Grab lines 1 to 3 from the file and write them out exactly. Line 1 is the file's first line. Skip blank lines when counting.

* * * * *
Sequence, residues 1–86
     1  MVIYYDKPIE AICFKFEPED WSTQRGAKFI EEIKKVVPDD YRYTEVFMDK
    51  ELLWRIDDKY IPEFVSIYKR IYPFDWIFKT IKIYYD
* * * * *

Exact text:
Sequence, residues 1–86
     1  MVIYYDKPIE AICFKFEPED WSTQRGAKFI EEIKKVVPDD YRYTEVFMDK
    51  ELLWRIDDKY IPEFVSIYKR IYPFDWIFKT IKIYYD